Home List of Titles An analysis of the relationships between various models and measures of emotional intelligence
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- An analysis of the relationships between various models and measures of emotional intelligence
- Palmer, Benjamin R.
- Since Salovey and Mayer's (1990) seminal article on emotional intelligence(EI), the construct has received wide spread interest and attention. A number of different models and measures of EI have been developed and a growing body of research in the area is emerging. However, relatively few independent studies have examined the psychometric properties of existing measures and many of the claims made by test authors concerning test reliability, factor structure and validity are yet to be substantiated. Furthermore, little is known about the relationships between existing measures and questions concerning how best to conceptualise and measure EI are at present unanswered. In the current study a population sample (n = 330) completed a battery of EI measures that were representative of the different approaches to the conceptualisation and measurement of EI including the Mayer-Salovey-Caruso Emotional Intelligence Test (MSCEIT; Mayer, Salovey, Caruso & Sitarenios, 2003), the Bar-On Emotional Quotient Inventory (Bar-On EQ-i Bar-On, 1997), the Trait Meta Mood Scale (TMMS Salovey et al., 1995), the EI scale developed by Schutte et al., 1998) and the Twenty-Item Toronto Alexithymia Scale (TAS-20; Bagby, Parker & Taylor, 1994). The reliability and factor structure of each of these measures were examined in turn. The results show that the internal reliability of these measures of EI have improved markedly over earlier tests, specifically, those examined by Davies, Stankov and Roberts (1998). All the measures examined in the current series of studies yielded internal reliability coefficients above a = .80 at the full-scale level, and between a = .80 and a = .90 at the subscale level. Both exploratory and onfirmatory factor analytic methodologies were employed in the series of studies reported in the thesis in order to assess the factor structure of the measures examined. With the exception of the Bar-On EQ-i, (Bar-On, 1997) the findings of these factor analyses were consistent with the underlying theories of the various measures examined and their respective previous research findings. The factor analytic results showed evidence for the four abilities purported to be measured by the MSCEIT (Mayer et al., 2003), the three components of the TMMS (Salovey et al., 1995) and the TAS-20 (Bagby et al., 1994), and the four factors of the scale by Schutte et al., (1998) as previously found by Petrides and Furnham (2000). The dimensional structure of the EQ- i was not found to be consistent with the underlying theory it has been purported to measure or the factor analytic results of Bar-On (1997a). It was concluded that further factor analytic research findings are needed in order to clarify the dimensional structure of the EQ- i. In general, the factor structure of the different EI measures examined were found to be robust and consistent with their respective underlying theories. Following examination of the internal reliability and factor structure of each of the five tests in turn, a final factor analytic study was conducted in order to examine the relationships and dimensional communality amongst them. From a systematic review of the variables (by definition) assessed by these different measures a five-factor taxonomic model for EI was hypothesised involving; (1) the capacity to perceive and express ones's own emotions; (2) the capacity to perceive and understand the emotions of others; (3) the capacity to utilise or reason with emotions in thought; (4) the capacity to effectively manage one's own emotions; and (5) the capacity to effectively manage the emotions of others. Confirmatory factor analysis via structural equation modelling was then used to assess whether this model (and a range of alternatives) provided a statistically significant fit with the data including; (a) a three-factor model representing the original model of EI conceptualised by Salovey and Mayer (1990); (b) a five-factor method variance 'test' model where each factor represented one of the tests in the battery; (c) a two factor model representing self-report and ability measured EI. None of the models assessed were found to provide an acceptable fit with the data according to standard model fit statistics, however, the hypothesised five-factor taxonomic model identified in the review was found to be the best fitting model in comparison to the three-factor model and both the five-factor and two-factor method variance models. An exploratory factor analysis was conducted and interpreted as providing further partial support to the hypothesised model. This finding suggests that there is some common variance shared between the various models and measures of EI,and that the hypothesised five-factor model may better represent the different approaches to EI (as a definition of the construct), than the theoretical distinctions that have been made between them (e.g., trait and ability EI, Petrides & Furnham, 2001). However, the correlation between self-report and ability measured EI (r = .39 as found with the two- factor method variance model), suggests that these two approaches to the measurement of EI share only 15% common variance. It is argued that the hypothesised model of EI may not have provided a statistically significant fit with the present data as variables assessing the ability to express emotions were not adequately represented (i.e., too few items assess this common facet of the construct); and variables assessing the ability to utilise or reason with emotions in thought are not adequately reliable. Further limitations of the current study and recommendatio ns for future research are discussed. Given that the five dimensions of the hypothesised model can be systematically identified from a cross section of EI tests, and that partial support for this model was found by the current study, it was concluded that the hypothesised model is representative of the dimensional communality amongst models and measures of EI and therefore provides a taxonomic model of EI. It is concluded that this model of EI should be assessed by future research along with other theoretic ally justified taxonomies for EI, and the relatively goodness of fit should similarly be examined in order to substantiate whether the taxonomic model identified by the current study best describes the communality amongst different models and measures of the construct. While not distracting from more specific models and measures of EI, it is argued that the taxonomic model of EI established by the current study is useful in that it provides a common definition and understanding about the nature of the cons truct as well as a model upon which to base comprehensive measures of the construct. Based on the findings of the current study it is argued that EI can be commonly defined as a conceptually related set of abilities to do with one's own and others emotions, specifically; the ability to perceive and express one's own emotions; the ability to perceive and understand the emotions of others; the ability to allow emotions to direct one's reasoning; the ability to manage one's own emotions; and the ability to managethe emotions of others.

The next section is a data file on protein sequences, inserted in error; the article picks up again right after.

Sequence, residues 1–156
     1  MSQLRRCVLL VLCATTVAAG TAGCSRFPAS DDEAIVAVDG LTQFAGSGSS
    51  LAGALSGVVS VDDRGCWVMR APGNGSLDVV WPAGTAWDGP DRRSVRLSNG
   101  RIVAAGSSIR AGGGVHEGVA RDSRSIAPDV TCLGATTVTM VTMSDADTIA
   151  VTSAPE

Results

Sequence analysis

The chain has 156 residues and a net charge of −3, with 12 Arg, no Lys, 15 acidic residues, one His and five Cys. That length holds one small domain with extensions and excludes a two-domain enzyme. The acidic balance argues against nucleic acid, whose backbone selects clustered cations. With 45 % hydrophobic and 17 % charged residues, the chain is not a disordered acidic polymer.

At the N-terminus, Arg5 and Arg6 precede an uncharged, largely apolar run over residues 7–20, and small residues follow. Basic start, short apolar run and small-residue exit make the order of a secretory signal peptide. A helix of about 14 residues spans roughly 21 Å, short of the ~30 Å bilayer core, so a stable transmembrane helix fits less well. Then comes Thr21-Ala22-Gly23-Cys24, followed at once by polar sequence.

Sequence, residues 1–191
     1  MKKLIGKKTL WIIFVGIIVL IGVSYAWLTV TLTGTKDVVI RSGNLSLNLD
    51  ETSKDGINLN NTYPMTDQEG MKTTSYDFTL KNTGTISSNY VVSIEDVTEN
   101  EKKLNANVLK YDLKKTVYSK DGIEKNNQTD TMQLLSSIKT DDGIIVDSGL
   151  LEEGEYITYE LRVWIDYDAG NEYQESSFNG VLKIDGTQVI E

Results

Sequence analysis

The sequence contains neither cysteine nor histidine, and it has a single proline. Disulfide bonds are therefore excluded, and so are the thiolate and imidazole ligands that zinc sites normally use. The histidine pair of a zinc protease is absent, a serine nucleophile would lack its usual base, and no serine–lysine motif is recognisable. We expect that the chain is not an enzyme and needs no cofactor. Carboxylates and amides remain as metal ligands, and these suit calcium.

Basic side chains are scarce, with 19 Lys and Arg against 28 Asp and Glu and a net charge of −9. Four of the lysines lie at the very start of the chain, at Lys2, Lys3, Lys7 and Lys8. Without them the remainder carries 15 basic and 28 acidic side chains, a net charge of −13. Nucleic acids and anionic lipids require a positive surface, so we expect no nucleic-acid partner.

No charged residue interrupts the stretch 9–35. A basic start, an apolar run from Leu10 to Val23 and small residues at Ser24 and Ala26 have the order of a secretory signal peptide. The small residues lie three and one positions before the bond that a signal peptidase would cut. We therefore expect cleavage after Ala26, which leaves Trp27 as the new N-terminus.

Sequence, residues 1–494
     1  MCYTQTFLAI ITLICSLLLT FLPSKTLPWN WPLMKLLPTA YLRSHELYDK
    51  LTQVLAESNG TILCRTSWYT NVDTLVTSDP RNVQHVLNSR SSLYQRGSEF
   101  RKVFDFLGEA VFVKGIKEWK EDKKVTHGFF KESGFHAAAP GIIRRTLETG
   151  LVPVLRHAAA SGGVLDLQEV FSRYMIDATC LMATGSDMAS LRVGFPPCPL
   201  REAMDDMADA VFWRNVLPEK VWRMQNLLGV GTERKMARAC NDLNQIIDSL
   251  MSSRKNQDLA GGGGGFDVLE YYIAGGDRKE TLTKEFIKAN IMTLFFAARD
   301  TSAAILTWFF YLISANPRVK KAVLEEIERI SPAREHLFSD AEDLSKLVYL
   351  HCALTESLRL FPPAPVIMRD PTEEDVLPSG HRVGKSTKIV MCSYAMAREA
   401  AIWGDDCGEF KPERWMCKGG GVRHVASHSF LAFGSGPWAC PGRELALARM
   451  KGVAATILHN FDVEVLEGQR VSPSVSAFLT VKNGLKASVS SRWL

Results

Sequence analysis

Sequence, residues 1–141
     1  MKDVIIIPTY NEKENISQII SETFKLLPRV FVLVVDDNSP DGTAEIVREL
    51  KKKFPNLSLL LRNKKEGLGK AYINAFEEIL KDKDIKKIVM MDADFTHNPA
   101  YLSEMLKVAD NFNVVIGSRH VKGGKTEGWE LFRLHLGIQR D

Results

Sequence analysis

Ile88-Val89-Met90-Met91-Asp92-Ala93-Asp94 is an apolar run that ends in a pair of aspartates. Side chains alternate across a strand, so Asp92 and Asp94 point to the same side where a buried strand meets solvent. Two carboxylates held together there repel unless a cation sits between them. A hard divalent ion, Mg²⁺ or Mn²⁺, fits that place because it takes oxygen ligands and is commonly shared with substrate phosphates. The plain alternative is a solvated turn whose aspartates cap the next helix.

- Publication type
- Thesis (PhD)
- Research centre
- Swinburne University of Technology. School of Biophysical Sciences and Electrical Engineering. Centre for Neuropsychology
- Publication year
- Emotional intelligence tests
- Australasian Digital Theses collection
- Publisher URL
- Copyright © 2003 Benjamin R. Palmer.
- Thesis Supervisor
- [Con Stough]
- Thesis Note
- [Submitted in fulfillment of the requirements for the degree of Doctor of Philosophy, Swinburne University of Technology, 2003.]